Diving into Dark Pools: An Analysis of Hidden Liquidity with Regard to the Proposed Markets in Financial Instruments Directive

AuthorGeorge O'Malley
PositionSenior Sophister, LLB Candidate Trinity College Dublin
© 2014 George O’Malley and Dublin University Law Society
Global equity markets have been transformed in the last decade. The 2008
economic crises shook financial markets to their core and paved the way
for sweeping reforms, particularly in relation to securities regulation.
Other factors, such as advancements in technology, have led to the advent
of algorithmic and high frequency trading and the fragmentation of the
securities markets.
1 Securities exchanges like the NYSE, LSE and
NASDAQ once enjoyed a large market share, but this share is being
eroded as venues such as alternative trading systems (ATS),2 known in
Europe as multilateral trading facilities (MTFs), 3 have become
Senior Sophister, LLB Candidate Trinity College Dublin. The author would like to thank
Professor Deirdre Ahern, School of Law, Trinity College Dublin and Caoimhe Stafford,
Senior Editor, Trinity College Law Review for their comments and insights on earlier drafts.
Any errors or omissions are the author’s own.
1 Richard Finger, “High Frequency Trading: Is It A Dark Force Against Ordinary Human
Traders And Investors?” Forbes 30 September 2013.
2 An ATS is any approved, non-exchange trading venue that is registered with the US SEC.
Rule 300(a) of the Regulation of Exchanges and Alternative Trading Systems defines it as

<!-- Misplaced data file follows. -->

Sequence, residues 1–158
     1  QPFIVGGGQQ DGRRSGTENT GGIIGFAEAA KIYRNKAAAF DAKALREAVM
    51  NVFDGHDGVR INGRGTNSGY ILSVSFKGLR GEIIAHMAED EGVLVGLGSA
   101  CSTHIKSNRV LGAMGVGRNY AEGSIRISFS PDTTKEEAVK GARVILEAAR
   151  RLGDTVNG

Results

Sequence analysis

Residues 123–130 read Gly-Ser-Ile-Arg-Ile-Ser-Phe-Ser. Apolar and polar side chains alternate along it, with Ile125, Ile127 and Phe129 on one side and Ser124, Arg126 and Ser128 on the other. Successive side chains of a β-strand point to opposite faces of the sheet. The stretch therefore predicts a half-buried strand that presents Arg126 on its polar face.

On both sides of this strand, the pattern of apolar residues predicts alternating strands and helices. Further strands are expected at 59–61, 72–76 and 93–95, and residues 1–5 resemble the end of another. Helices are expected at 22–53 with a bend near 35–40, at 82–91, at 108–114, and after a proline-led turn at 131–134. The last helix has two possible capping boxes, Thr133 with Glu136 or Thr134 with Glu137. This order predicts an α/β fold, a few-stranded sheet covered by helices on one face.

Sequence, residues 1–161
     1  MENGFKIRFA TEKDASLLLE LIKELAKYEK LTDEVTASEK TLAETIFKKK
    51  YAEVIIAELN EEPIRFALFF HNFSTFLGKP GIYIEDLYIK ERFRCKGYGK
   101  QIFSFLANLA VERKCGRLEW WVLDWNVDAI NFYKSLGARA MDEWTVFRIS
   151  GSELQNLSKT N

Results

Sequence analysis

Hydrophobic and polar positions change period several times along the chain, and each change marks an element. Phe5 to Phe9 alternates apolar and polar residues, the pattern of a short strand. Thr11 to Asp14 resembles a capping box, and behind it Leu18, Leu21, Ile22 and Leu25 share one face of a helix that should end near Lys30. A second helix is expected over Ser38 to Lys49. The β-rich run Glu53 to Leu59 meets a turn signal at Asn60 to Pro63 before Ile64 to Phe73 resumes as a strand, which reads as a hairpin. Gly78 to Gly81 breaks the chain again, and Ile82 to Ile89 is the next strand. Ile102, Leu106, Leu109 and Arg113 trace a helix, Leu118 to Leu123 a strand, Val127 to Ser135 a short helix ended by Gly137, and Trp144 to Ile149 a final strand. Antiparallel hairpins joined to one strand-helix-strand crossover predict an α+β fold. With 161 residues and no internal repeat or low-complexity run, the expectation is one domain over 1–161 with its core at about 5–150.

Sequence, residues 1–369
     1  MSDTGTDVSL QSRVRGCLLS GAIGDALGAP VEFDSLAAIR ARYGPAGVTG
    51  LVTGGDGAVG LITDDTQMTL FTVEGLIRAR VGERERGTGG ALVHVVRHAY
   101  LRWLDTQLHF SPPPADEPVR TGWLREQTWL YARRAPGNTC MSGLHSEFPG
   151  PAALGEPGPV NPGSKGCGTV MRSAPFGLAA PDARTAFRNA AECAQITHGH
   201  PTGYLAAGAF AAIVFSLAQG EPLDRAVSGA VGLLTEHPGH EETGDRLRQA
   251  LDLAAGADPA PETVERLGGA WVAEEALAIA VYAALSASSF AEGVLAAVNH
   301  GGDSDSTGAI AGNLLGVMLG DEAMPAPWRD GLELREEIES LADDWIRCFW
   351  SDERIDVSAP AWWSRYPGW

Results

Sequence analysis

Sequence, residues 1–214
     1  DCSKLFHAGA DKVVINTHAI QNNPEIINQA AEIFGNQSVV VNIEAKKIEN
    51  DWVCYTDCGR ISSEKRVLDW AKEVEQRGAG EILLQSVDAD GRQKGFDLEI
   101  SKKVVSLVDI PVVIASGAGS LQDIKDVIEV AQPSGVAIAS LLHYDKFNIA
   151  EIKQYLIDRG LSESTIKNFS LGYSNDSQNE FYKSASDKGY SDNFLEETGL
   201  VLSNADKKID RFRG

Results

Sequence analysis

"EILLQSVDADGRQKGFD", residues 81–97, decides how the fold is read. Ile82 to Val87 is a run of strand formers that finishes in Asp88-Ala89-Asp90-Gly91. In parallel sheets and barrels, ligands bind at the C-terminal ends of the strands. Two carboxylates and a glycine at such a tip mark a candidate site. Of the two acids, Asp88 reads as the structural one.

“any organisation, association, person, group of persons, or system: (1) That constitutes,
maintains, or provides a market place or facilities for bringing together purchasers and sellers
of securities or for otherwise performing with respect to securities the functions commonly
performed by a stock exchange within the meaning of § 240.3b-16 of this chapter; and (2)
That does not: (i) Set rules governing the conduct of subscribers other than the conduct of
such subscribers' trading on such organisation, association, person, group of persons, or
system; or (ii) Discipline subscribers other than by exclusion from trading. See Code of
Federal Regulations, Title 17, Commodities and Securities Exchanges, [hereinafter 17 CFR],
s. 242.300.
3 An MTF is defined as a “multilateral system operated by an investment firm or market
operator, which brings together multiple third-party buying and selling interests in financial
instruments in the system and in accordance with non-discretionary rules.” See Directive
2004/39/EC of 21 April 2004 on markets in financial instruments amending Council
2014] Dark Pools 95
increasingly popular. These ATS have given investors the option of
choosing new pools of liquidity, allowing them to move away from the
more regulated exchanges. These venues are able to cater for dark,
anonymous trading, as they do not have the same transparency
requirements as traditional exchanges. At the time of writing, the
European Parliament, European Commission and the Council of the
European Union have just reached agreement on the level one text for the
4 which is set to introduce
far reaching regulatory changes to the nature of dark pools in European
equity markets.5
First, this article considers dark pools: what they are and why they
are gaining an increasingly important role in global equities markets, and
indeed in markets for other securities. Secondly, the article examines
whether dark pools benefit the market in respect of a number of factors:
liquidity, market impact and information leakage, structure, savings and
price improvement, information asymmetry and finally, price discovery.
Thirdly, it examines European Union legislation, particularly the